Tell us about yourself.:
I graduated from UMF in 2006. Since Graduation I’ve worked full time as a Registered Diagnostic Cardiac Sonographer, for three years at Dartmouth Hitchcock Medical Center in New Hampshire and for the past five years at Gifford Medical Center in Randolph, Vermont. In January 2014, I graduated from Vermont College of Fine Arts with my MFA in writing. My fiction has recently received Honorable Mention in Glimmer Train. Currently, I’m at work on short stories and essays. I live in Bethel, Vermont with my wife and two children.
What are some of your most memorable moments at UMF?:
I enjoyed my time at UMF a great deal, so it’s hard to pick out just a few moments. But I recall taking a Cuban literature class that gave me a new perspective on a culture I knew little about. I have to say, that was a really fun class. The discussions we had were often stimulating and insightful, and the stories and novels we read changed the way I thought about Cuba. I have a lot of great memories of skiing with friends at Saddleback and Sugarloaf, fishing on the Sandy River, hiking in the Bigelows, among other adventures.
What makes studying English at UMF unique?:
What struck me about the English program at UMF was that I always felt like I had ample opportunities to engage with other students, to participate in class, to discuss literature and really be part of the ongoing conversation. I enjoyed the small class sizes and the way we would sometimes sit around the perimeter of the room, facing each other, going back and forth with questions or comments. I like that small-group feel so much more than sitting in a large lecture hall. In another sense, what is remarkable about UMF is that you have a quality university situated in one of the most desirable spots in Maine in terms of outdoor recreation. I felt lucky to be studying just a short drive from the Bigelow Preserve and Saddleback Mountain, among other places.
How did your time at UMF help you beyond the classroom?:
My time at UMF has helped me in many ways. As a practical example, the skills I developed as an English major—analyzing and interpreting writing, doing research, forming my ideas into thoughtful essays—helped me a great deal when I was working on my MFA degree, which involved not only creative writing but substantial amounts of critical essay writing and research. In my daily work at the hospital, I’m communicating all the time with colleagues, usually in writing, via e-mail. I’ve written letters designed to help our department move forward in one area or another, and often these letters are of the persuasive nature, so I need to back up my arguments in the most concise and articulate ways possible.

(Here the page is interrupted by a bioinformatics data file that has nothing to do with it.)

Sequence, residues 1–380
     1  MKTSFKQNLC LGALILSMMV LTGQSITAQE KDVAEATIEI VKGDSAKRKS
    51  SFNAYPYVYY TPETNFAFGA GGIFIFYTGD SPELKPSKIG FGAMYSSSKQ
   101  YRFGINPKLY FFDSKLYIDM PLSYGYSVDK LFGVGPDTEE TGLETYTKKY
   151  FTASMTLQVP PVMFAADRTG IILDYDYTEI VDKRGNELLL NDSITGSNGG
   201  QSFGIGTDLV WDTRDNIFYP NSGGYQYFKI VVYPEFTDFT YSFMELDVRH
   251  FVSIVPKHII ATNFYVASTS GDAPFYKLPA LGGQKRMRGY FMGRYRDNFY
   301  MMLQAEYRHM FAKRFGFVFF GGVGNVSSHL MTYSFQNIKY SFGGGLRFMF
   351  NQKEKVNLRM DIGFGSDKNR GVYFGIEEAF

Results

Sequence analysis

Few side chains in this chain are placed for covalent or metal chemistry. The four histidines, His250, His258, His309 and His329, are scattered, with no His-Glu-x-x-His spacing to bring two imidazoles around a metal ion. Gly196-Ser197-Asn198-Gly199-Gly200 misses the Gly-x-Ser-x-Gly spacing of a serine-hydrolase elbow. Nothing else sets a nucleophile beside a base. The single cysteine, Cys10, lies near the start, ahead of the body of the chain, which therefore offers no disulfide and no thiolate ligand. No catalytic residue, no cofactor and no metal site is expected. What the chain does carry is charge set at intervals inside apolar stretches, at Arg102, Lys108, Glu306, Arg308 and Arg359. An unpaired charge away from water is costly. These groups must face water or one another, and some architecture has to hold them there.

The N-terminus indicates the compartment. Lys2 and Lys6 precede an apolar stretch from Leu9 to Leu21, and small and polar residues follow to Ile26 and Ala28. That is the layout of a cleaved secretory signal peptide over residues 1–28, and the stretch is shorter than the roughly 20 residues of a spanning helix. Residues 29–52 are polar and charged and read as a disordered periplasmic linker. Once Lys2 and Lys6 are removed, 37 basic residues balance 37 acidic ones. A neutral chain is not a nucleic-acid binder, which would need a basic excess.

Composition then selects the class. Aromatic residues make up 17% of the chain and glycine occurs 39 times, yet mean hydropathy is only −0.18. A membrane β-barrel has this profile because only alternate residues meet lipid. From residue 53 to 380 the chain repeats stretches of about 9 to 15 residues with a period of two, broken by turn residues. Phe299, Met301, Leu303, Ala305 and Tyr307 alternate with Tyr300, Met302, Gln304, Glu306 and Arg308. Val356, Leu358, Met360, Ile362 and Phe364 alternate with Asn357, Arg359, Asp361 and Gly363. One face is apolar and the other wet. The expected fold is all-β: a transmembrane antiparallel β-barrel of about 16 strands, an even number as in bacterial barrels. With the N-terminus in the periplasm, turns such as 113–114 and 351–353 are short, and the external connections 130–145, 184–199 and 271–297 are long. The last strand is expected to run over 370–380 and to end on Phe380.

What advice do you have for current or prospective students?:
For current students: First, I hope you consider it a privilege to be a UMF student. It’s such a great opportunity, and it can lead you almost anywhere. As an undergraduate, you have a lot of helpful people and resources available to you. My advice: take advantage of those resources as much as possible. For example, even if you haven’t considered graduate school, I would encourage you to do some research into graduate studies as early as freshman year. You might stumble upon something that really interests you. There are alternative ways to pay for graduate school in some cases, so don’t let the cost stop you from at least seeing what’s out there. Talk to your professors, ask questions. Graduate school for me was about exploring what I was passionate about, and I couldn’t have done it without my undergraduate degree.
For prospective students: I can only tell you that my experience at UMF was a positive one. I’ve attended several colleges and universities, both undergraduate and graduate, and UMF was one of the best. Farmington is a great place to live and study if you want to avoid the bustle of city life. In my case, I had the chance to graduate from a private college, but I’m glad I chose UMF for all the reasons I’ve already mentioned. But beyond all that, I’m in no way convinced that spending four times the money (or more) on tuition at a private college equates to a better education.
What type of students should consider majoring in English at UMF?:
You know, I think the English major covers so much ground, that anyone interested in a well-rounded education should consider English as a major. But certainly anyone who has a particular interest in the written word, or the spoken word, or just a love of language itself, in all its different forms, should consider majoring in English. It’s a luxury and simply enriching to immerse oneself in literature, to learn about people from all over the world. In my mind, education is not just about mastering a certain set of skills. There are certainly tangible skills that come from studying English, but I think the education alone, the time you spend thinking and conversing and writing about works of literature, is worth a great deal. Practically speaking, the English degree is useful simply because there are so many careers that require careful attention to language and the ability to think critically and write competently.
What do you see yourself doing in the future (10 – 20 years)?:
In the next few years, I’m hoping to develop a writing workshop here in Vermont, possibly at my town library. This would likely be a free workshop to participants and voluntary on my part, and I think it will be a lot of fun. In the long run, I could see myself teaching in a more formal setting. But, for now, my primary focus is creating new works of fiction and new essays on the craft of writing.